Trading Latin American options

April 1, 2015 12:00 PM

Trade implications

If the market is overpricing the peso’s volatility compared with the real’s, this may be a second reason for trading the spread between futures prices by going long the March 2015 Brazilian real and short the Mexican peso. The opposite situation prevailed on Jan. 27, 2015, with the real’s cumulative percentage price change from Jan. 1, showing a 200-basis point difference over the peso. The currency prices on Tuesday, Jan. 27, were $0.06858 for MXN and $0.3888 for BRL. By Friday, Jan. 30, both futures had declined, $0.0666 for MXN and $0.3726 for BRL. Shrinking the distance between the cumulative percentage price changes reflects a difference between -2.89% for the Mexican peso and -4.16% for the Brazilian real over a period of three days.

“Mexican peso call options” (below) shows the March 2016 call price model on Feb. 6, 2015. This is the LLP model that shows call prices predicted by a regression analysis. The price equation predicts call option prices from the lowest prices (with highest strike prices) to the highest (with lower strikes) along a parabolic curve. 

The curve shows the natural logarithm of call price-to-strike price for each corresponding futures price-to-strike price, thus the LLP price curve is Log-Log Parabola. Normally the call price curve is shown as the antilog curve—with option prices sloping up as the underlying asset price increases—until at some point the slope of the price curve is 1.00. This is  where the call price equals the intrinsic value (the underlying asset price less the strike price).

With longer times to expiration, the LLP price curve is restricted to an underlying-to-strike price less than 1.00. The reason is that the curve, as a parabola, insists on increasing when it should be bending toward the intrinsic value. However, looking at a March expiration date (while computing a price curve in January or February with only 30 or so days remaining) improves the odds of the regression going all the way to a slope equal to 1.00.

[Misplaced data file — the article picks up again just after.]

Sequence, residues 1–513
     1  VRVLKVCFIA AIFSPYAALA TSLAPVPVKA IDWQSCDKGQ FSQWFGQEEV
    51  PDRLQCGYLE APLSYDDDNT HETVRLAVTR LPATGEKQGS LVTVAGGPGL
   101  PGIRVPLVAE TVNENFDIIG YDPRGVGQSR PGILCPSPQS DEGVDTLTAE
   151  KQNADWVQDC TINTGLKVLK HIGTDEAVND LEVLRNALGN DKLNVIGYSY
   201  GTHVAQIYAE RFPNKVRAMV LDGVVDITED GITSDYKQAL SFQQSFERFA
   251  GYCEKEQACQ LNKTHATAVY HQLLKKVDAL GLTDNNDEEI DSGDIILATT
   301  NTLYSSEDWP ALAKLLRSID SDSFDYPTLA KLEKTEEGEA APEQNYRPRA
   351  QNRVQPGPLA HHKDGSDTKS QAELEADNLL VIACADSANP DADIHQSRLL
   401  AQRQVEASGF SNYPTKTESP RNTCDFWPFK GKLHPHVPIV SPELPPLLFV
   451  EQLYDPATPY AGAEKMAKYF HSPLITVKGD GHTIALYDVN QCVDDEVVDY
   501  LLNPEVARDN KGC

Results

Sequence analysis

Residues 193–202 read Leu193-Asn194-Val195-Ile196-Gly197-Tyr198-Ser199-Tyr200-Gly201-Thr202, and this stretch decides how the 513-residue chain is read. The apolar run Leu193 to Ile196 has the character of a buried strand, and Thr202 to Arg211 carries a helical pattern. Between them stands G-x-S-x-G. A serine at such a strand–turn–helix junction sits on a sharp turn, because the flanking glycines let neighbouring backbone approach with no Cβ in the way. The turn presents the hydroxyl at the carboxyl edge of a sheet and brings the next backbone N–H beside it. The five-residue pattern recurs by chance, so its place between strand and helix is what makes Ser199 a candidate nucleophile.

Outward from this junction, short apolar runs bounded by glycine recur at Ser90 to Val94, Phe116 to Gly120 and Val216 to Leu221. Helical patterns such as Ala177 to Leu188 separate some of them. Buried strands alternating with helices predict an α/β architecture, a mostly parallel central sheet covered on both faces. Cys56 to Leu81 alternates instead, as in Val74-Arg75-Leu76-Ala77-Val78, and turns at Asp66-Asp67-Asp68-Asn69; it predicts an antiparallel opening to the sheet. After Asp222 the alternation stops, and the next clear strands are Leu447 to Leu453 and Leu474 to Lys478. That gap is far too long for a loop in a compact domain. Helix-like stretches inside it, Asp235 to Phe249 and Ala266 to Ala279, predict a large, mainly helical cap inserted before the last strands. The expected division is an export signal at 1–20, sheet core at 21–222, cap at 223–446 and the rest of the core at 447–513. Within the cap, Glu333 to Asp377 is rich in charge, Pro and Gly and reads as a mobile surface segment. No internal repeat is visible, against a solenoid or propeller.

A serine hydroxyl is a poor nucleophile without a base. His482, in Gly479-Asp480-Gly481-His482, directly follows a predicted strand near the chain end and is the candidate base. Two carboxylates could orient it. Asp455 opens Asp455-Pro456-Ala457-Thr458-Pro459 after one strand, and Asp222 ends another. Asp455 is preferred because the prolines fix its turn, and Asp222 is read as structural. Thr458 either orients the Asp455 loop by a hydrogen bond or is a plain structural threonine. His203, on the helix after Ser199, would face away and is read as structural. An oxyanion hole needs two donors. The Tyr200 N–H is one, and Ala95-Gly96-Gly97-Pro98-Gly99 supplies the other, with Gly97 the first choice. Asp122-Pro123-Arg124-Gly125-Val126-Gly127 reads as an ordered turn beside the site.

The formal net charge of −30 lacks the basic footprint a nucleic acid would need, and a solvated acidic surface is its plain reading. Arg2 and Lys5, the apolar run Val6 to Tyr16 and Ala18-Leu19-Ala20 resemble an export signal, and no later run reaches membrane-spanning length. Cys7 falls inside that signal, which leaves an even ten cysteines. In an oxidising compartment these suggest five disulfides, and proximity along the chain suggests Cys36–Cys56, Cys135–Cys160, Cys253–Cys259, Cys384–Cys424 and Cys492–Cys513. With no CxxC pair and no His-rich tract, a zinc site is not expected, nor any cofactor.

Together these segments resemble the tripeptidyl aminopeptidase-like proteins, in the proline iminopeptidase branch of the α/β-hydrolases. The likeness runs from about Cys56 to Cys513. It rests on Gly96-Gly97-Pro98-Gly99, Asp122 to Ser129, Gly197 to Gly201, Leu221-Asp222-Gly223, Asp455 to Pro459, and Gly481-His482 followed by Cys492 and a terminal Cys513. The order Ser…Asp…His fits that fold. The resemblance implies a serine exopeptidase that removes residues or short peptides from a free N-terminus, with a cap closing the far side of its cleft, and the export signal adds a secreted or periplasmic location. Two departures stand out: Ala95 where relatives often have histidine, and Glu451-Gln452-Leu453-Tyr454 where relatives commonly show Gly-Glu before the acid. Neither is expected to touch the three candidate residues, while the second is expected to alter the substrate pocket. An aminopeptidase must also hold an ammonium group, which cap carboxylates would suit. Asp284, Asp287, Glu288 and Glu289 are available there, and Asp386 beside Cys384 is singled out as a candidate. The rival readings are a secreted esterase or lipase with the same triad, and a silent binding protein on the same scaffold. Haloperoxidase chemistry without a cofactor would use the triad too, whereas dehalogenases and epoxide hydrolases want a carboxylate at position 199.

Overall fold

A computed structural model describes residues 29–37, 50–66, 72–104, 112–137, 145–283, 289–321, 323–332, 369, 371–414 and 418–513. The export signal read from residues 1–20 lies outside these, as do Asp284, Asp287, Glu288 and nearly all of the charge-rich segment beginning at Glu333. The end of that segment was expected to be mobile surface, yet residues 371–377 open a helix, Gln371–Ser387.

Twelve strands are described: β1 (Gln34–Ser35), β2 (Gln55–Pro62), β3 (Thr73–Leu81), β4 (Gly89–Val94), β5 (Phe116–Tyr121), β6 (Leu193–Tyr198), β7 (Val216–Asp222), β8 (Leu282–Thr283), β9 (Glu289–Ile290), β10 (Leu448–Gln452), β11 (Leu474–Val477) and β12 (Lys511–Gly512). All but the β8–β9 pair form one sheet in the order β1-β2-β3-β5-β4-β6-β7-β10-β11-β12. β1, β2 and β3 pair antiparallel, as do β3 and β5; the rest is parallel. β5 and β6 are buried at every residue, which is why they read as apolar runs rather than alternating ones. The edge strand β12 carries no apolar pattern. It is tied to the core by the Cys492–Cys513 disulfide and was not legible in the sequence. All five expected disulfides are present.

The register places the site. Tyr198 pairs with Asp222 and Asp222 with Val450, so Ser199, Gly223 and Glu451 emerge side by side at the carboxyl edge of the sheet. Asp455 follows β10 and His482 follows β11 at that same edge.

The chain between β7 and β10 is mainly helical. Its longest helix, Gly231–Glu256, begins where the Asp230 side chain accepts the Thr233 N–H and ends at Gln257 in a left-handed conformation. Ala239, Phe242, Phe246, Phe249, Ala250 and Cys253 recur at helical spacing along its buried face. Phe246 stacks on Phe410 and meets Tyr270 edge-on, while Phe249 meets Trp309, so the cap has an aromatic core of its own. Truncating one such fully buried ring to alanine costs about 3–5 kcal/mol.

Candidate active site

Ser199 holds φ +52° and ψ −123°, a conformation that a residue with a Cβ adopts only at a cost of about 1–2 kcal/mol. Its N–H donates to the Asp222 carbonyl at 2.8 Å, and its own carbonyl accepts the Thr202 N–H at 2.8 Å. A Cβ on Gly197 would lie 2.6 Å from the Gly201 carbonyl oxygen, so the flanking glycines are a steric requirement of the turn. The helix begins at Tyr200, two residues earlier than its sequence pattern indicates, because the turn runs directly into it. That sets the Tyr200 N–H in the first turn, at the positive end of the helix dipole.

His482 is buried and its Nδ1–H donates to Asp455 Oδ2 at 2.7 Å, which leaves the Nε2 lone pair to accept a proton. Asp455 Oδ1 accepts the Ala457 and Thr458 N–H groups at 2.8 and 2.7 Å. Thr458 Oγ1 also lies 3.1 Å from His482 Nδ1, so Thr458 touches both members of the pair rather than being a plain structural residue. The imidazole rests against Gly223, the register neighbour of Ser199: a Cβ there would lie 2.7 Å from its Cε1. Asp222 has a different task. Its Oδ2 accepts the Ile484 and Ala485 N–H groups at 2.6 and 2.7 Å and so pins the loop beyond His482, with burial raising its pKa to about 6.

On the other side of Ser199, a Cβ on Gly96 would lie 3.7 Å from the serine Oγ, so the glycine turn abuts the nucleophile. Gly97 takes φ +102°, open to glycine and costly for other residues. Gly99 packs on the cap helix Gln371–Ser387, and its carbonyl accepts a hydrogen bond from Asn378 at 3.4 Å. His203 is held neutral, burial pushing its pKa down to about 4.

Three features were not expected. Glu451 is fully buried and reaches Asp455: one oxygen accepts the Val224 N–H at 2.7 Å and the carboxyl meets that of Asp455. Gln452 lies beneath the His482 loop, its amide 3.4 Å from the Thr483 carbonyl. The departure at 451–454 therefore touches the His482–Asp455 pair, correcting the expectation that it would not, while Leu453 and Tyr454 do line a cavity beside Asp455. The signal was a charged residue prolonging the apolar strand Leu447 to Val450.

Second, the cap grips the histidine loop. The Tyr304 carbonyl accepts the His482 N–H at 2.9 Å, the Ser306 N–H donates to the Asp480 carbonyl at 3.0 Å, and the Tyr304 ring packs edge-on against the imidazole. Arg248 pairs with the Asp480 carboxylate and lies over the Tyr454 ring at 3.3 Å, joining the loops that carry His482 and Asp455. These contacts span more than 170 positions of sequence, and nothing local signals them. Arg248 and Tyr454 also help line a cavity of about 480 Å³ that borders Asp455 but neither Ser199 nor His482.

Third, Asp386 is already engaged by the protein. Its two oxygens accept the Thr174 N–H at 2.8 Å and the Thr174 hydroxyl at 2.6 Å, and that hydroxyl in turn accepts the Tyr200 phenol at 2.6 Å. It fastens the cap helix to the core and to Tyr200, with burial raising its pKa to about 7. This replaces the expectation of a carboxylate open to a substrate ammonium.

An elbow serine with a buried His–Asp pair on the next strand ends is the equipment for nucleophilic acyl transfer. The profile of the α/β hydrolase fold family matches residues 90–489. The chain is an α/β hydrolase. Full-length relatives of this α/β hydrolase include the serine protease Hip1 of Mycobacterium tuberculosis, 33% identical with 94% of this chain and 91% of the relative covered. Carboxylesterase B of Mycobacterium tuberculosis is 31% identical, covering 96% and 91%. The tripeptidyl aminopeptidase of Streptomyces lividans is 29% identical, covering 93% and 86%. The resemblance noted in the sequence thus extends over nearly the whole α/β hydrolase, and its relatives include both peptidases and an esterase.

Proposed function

On the exhibit showing Mexican peso call options, the call price for strike price 0.0660 is computed by the regression equation. Otherwise, the call prices are market prices with predicted premiums close to the actual market prices. Because of the near expiration, the model is able to show a maximum delta approximately equal to 1.00, from which point each option price should be equal to the intrinsic value.

The option pricing model has another advantage—computing the upper and lower breakeven price for each strike price. For example, with the March 2015 futures price at $0.06723, breakeven prices for the $0.0670 strike price are $0.0686 and $0.0657. These are prices for the peso at expiration that would result in zero gain or loss from a delta trade on Feb. 6, hedging the March futures with the number of calls indicated by the delta ratio at the 0.0670 strike. Delta is shown as 0.549, so approximately 1.82 calls would be used to hedge each March futures contract.

Settling the trade

Completing the peso delta trade on Feb. 6, 1.82 March 0.0670 calls are sold for each long futures. The beginning futures price is $0.06723 and the options price is $0.00084. Multiplied by $500,000 per options point, the premium per call option is $420. Thus, 1.82 calls are sold for a total of $764.40 against the price of the March 2015 0.0670 futures. If the peso price is either 0.0686 or 0.0657 at expiration, there will be no gain or loss on the trade. A closing price at the March expiration between the breakeven prices will result in a profit, while a price beyond breakeven will cause a losing trade.

Upper and lower breakeven prices provide the basic framework for pricing options because the price curve for a specific strike price will be tangent to a sloped line starting on the horizontal (zero price) axis (the upper breakeven price), and extending to a point on the intrinsic value line that is exactly above the lower breakeven price.

On Feb. 11, the delta trade described above had the following results: The March futures price was 0.06608, down from 0.06723 on Feb. 6, and the 0.0670 strike was 0.00046, a decrease from 0.00084 at the beginning of the trade. The trade is still within the breakeven prices- although the $764.40 proceeds from sale of March calls is temporarily reduced by the loss on the long futures, (0.06723 - 0.06608) x $500,000 = $575.

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About the Author

Paul Cretien is an investment analyst and financial case writer. His e-mail is